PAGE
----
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Cake Decorating Basics Articles

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How To Color Your Icing

Posted by Jackie In the center are the primary colors - Red, Yellow, and Blue. From these, all others are made. In the inner ring are secondary colors - orange, green, violet, made by mixing equal amounts of primary colors. Mix red and yellow for orange, mix red and blue for violet, and mix blue and yellow for green. In the outer ring are the tertiary colors - achieved by mixing varying amounts of one primary color with the adjacent primary. Mix a large amount of red with a small amount of blue and you will get a red-violet color. Do the opposite for blue-violet.... read more

Cake Baking, Cutting & Serving Guide - 2 in. Deep Pans

Posted by Jackie Baking Times, Batter Amounts & Number of Servings One cake mix yields 4 to 5 1/2 cups of batter. Pans are usually filled 1/2 to 2/3 full; 3" deep pans should be filled only 1/2 full. Batter amounts on these charts are for pans 2/3 full of batter. For large cakes, always check for doneness after they have baked for 1 hour.   Note: For Pans 11" and larger, use a heating core when baking. The charts below show baking information and serving amounts for both 2-inch pans and 3-inch high pans. The figures for 2-inch pans are based on a... read more

Cake Baking, Cutting & Serving Guide - 3 in. Deep Pans

Posted by Jackie Baking Times, Batter Amounts & Number of Servings One cake mix yields 4 to 5 1/2 cups of batter. Pans are usually filled 1/2 to 2/3 full; 3" deep pans should be filled only 1/2 full. Batter amounts on these charts are for pans 2/3 full of batter. For large cakes, always check for doneness after they have baked for 1 hour. Note: For Pans 11" and larger, use a heating core when baking. The charts below show baking information and serving amounts for both 2-inch pans and 3-inch high pans. The figures for 2-inch pans are based on a 2-layer or 4-inch... read more

Non-Toxic Fresh Flowers for your Cake

Posted by Jackie Which flowers are the safest? The answer is twofold. First, no flower is safe to eat or use on or near food products unless it has been organically grown. This means no chemical herbicides or pesticides have been used on or around the plant. Rose fertilizers that contain systemic toxins are included in this category, as are any fertilizers of the weed-and-feed variety. "This also means that edible flowers that are brought home from nurseries and garden centers are not safe to eat or use on or near food products unless they have been grown organically... read more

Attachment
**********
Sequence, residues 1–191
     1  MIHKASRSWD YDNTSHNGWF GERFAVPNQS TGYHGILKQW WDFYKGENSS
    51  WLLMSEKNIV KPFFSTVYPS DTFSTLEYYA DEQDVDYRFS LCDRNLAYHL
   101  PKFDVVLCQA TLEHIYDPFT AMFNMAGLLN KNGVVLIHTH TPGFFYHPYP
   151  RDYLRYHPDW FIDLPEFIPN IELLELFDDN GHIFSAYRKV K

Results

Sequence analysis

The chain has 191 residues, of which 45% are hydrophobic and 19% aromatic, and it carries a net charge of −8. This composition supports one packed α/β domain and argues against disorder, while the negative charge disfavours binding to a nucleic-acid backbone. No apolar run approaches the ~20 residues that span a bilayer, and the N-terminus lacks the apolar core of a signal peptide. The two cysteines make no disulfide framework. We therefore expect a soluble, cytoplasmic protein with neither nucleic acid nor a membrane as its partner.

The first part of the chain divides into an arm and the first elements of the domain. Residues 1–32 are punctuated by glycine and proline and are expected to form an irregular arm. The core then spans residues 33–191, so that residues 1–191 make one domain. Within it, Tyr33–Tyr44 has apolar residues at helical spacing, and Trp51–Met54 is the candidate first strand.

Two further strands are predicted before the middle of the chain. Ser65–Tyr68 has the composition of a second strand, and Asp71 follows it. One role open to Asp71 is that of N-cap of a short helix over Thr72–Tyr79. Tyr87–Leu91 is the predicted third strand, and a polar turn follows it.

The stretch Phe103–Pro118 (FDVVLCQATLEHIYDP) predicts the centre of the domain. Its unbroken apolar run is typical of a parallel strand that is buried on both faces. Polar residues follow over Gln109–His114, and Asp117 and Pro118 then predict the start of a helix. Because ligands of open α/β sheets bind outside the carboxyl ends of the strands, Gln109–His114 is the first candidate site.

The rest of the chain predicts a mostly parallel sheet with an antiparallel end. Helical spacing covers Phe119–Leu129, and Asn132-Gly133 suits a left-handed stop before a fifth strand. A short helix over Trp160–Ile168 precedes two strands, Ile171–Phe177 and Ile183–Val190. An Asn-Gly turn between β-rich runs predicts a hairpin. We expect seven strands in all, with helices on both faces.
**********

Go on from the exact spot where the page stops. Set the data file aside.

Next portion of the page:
Buttercream Roses - The Wilton Method

Posted by Anonymous Flowers are certainly the most traditional and most admired way to top a cake. Roses are the most impressive, beautiful and popular of all icing flowers. A rose is created in a number of steps. [swfobj src="http://video.google.com/googleplayer.swf?docid=5752332822979592750&hl=en&fs=true"] instructions Step 1 Make the rose base, using tip 12 and Flower Nail #7. Hold the bag straight up, the end of tip 12 slightly above the center of your waxed paper-covered flower nail, which is held in your other hand. Using firm and steady... read more

Stained Glass Effect with Piping Gel

Posted by pastrypuffgirl Use Piping Gel to Make Complex Designs on Your Cakes and Cookies Photo by: karateka Tint piping gel (Use gel or paste colors) with either paste or gel colors so it is visible against the icing for a cake. For a cookie, tint Piping gel so the design will contrast with it. Put it in a pastry bag fitted with a #1 tip or a plastic squeeze bottle (my favorite). Draw a pattern on a piece of wax paper using an indelible marker. Turn the wax paper over so the ink in on the backside. Spray backside with a light coating of vegetable oil spray. You... read more

Making Buttercream Roses on a Stick

Posted by ntertayneme This is a method of creating roses on a dowel or stick as opposed to using a flower nail. Some cake decorators prefer this method. Click To Enlarge View the video & step by step standard Wilton method of creating buttercream roses on a flower nail http://cakecentral.com/articles/83/buttercream-roses 1. Take a short piece of a dowel stick, the kind you'd use for doweling a tiered cake, approximately 6 to 7 inches in length. Tint your buttercream icing and place in your bag using tip 101, 102, 103 or 104. I start off by... read more

How To Frost a Square Cake & Get Crisp Corners with Buttercream

Posted by bkeith   This step-by-step guide with photos will teach how to get crisp sharp edges on any square cake covered in buttercream 1. First, a square "cake" (sorry -- didn't have a real cake around to mess with). Slapped some icing on a square pan, and when I went to clean some icing away, I came up with a perfect square corner without even trying. So I took an intentional swipe at the corner to mess it up a bit so you could see what's what. 2. With your left hand, hold a spatula vertically in front of you so the right edge of the... read more

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